Staying Positive is Not Always Easy

There have been many things written about the subject of dealing with depression and hepatitis c. Some things I have read are very serious, and who can argue that depression is fun, not to mention living with a serious illness like HCV that causes any number of medical issues that can impact quality of life. Some of us have had a terrible time with things like anxiety and depression, and I have certainly not been immune to these things either.

Staying positive and avoiding negative thoughts is great if you can manage to do it, but in my own experience it is not always possible because of any number of reasons that may be out of our control. Is there a connection between hepatitis c and depression? I have no absolute answer to this question, but I suspect there was a connection in my own experience, and from what others have told me I am not alone in this thinking.

When I treated with interferon and ribavirin it became very difficult to stay positive about anything. I had been warned about the depression many had faced in the Peg/Riba treatment, but having never experienced depression before it was not something I really knew about.

With new treatment I am not hearing a lot about depression during the course of therapy. I am hearing from people who are dealing with anxiety and depression after treatment. As I am not a psychologist and I am not sure if they could accurately say what is causing this in people after treating HCV.

What some have said is that they felt fine while treating but now months later they are feeling depressed.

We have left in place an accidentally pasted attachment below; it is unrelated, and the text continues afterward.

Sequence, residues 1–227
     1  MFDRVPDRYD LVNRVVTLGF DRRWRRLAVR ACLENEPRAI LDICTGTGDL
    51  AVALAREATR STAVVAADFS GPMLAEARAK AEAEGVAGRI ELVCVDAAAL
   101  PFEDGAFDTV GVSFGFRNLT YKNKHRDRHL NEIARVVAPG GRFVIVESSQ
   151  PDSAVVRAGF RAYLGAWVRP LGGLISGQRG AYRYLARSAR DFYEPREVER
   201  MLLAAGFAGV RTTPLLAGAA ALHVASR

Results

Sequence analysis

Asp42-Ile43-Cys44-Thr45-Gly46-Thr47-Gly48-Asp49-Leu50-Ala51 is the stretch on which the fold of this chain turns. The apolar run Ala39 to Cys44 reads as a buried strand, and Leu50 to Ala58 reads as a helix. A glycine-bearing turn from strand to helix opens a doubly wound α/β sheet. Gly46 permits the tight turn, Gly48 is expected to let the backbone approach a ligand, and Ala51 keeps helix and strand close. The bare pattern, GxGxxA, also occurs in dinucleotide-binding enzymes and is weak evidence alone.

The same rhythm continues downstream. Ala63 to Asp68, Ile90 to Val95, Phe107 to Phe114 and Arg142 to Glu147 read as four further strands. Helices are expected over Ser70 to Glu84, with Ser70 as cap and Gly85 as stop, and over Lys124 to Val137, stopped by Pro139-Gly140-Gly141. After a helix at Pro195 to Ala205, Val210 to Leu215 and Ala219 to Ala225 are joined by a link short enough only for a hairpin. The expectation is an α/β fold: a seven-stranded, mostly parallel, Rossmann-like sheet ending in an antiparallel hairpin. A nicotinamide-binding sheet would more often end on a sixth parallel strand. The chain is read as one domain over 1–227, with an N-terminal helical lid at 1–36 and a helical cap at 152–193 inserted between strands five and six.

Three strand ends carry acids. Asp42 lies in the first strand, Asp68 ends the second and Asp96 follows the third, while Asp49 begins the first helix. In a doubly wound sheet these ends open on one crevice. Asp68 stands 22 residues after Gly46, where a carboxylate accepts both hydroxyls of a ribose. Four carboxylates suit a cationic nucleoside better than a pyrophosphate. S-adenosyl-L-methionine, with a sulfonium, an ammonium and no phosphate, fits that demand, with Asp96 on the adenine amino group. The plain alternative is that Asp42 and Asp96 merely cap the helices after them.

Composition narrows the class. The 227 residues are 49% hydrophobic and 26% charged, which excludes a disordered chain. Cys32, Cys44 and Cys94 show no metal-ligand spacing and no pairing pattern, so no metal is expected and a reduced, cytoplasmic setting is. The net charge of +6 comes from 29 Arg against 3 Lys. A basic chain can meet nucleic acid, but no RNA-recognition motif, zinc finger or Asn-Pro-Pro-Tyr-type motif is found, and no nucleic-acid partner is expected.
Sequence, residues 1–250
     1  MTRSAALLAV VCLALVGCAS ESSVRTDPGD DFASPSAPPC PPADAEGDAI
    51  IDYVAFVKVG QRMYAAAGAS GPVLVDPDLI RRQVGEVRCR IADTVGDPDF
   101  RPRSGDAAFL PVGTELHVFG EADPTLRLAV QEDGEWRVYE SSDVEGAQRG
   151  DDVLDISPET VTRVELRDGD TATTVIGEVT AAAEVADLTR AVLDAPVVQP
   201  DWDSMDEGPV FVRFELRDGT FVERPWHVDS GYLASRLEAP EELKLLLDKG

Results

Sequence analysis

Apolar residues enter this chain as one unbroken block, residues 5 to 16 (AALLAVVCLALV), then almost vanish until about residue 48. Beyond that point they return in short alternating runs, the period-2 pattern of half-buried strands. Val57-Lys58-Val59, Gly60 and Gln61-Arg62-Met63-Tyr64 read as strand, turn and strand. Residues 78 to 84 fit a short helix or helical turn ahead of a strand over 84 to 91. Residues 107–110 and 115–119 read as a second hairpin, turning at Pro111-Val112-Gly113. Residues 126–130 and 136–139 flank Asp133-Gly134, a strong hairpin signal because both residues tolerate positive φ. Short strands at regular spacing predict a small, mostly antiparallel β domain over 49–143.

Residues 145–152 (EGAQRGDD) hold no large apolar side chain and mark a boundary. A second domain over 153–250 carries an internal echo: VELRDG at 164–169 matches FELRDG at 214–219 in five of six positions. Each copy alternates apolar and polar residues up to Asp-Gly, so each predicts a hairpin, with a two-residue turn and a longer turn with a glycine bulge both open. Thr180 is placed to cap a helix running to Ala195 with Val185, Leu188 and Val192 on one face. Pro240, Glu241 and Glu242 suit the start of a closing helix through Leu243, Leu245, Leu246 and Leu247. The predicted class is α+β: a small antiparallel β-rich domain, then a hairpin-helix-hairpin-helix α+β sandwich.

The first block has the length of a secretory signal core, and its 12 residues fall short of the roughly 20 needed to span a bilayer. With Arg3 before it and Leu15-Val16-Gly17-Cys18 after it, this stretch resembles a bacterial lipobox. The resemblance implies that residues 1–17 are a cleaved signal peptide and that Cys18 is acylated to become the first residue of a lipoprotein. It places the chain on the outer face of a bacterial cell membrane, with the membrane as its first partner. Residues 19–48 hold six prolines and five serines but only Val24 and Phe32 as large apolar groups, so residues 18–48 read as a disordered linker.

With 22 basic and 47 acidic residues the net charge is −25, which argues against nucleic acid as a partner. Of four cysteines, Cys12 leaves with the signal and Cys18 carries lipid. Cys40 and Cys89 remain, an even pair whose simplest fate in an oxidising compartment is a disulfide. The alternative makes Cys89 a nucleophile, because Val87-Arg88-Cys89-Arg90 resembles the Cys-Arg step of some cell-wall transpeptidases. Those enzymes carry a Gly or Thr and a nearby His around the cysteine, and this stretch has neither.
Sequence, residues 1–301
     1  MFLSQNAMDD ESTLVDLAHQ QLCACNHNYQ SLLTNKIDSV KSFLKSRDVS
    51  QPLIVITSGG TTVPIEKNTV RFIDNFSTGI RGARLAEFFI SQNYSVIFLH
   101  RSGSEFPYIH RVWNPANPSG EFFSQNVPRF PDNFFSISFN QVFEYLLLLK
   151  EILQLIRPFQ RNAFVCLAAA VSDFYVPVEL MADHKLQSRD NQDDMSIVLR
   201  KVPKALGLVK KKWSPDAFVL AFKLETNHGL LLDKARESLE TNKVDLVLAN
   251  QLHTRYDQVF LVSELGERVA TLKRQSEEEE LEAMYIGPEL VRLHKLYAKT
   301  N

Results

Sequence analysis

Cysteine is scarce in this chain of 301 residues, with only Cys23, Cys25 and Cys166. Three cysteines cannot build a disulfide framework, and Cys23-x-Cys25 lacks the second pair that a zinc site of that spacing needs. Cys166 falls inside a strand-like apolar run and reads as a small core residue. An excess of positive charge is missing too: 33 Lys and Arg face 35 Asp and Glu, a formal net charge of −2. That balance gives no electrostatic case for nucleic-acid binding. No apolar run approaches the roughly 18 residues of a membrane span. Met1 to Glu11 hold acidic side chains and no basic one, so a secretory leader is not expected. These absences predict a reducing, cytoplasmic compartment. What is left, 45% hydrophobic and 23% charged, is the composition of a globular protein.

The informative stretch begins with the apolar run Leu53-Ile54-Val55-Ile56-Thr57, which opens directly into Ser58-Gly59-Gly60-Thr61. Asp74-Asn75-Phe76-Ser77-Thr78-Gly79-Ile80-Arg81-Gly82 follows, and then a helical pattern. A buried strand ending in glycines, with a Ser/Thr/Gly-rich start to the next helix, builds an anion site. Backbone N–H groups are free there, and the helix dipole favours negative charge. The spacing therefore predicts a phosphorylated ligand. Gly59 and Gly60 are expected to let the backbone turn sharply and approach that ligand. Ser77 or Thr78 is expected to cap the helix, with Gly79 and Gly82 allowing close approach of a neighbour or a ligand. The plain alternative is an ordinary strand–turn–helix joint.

No slogan or cheer will sustain or fix depression in my experience. A good attitude is not always effective at dealing with the despair that clinical depression can cause.

I am encouraged to see that most people are not having these problems but a significant enough number of people are and it warrants exploration in my opinion.

A good attitude means something different to us all. Is it just that we always look on the bright side or see good in everything?

Even in the face of great challenges some of us are able to stand up well while others find even the otherwise nominal challenges to be huge obstacles that cause immense anxiety/fear and worry. There are chemical imbalances in some cases and it is important to consult with your physician if you have prolonged feelings of sadness or low moods. Sleep issues often accompany depression, and some may feel like they want to sleep more than normal for them or stay up at night and sleep during the day.

Many things are not directly caused by your HCV or treatment, and may be caused by some other physiological imbalance that can cause fatigue. This needs to be investigated by your physician. Low thyroid, adrenal issues, blood sugar levels, and plain old stress can contribute to fatigue and mood changes, not to mention trauma caused by physical or emotional events.

Staying positive is a good thing, but staying in any state of mind all of the time is not something that is normal for any of us. It is about keeping a balance, and sometimes the scale tips too heavily in one direction. This is when we should seek out help.

Please don’t ever let stigma prevent you from seeking help because despite what people may think we all need help now and again.

Most people can manage these mood changes on their own but some cannot, but there is help if you only ask. You are not alone in this.

Don’t isolate yourself from others. Isolation only makes the situation worse.

This article represents the opinions, thoughts, and experiences of the author; none of this content has been paid for by any advertiser. The HepatitisC.net team does not recommend or endorse any products or treatments discussed herein. Learn more about how we maintain editorial integrity here.

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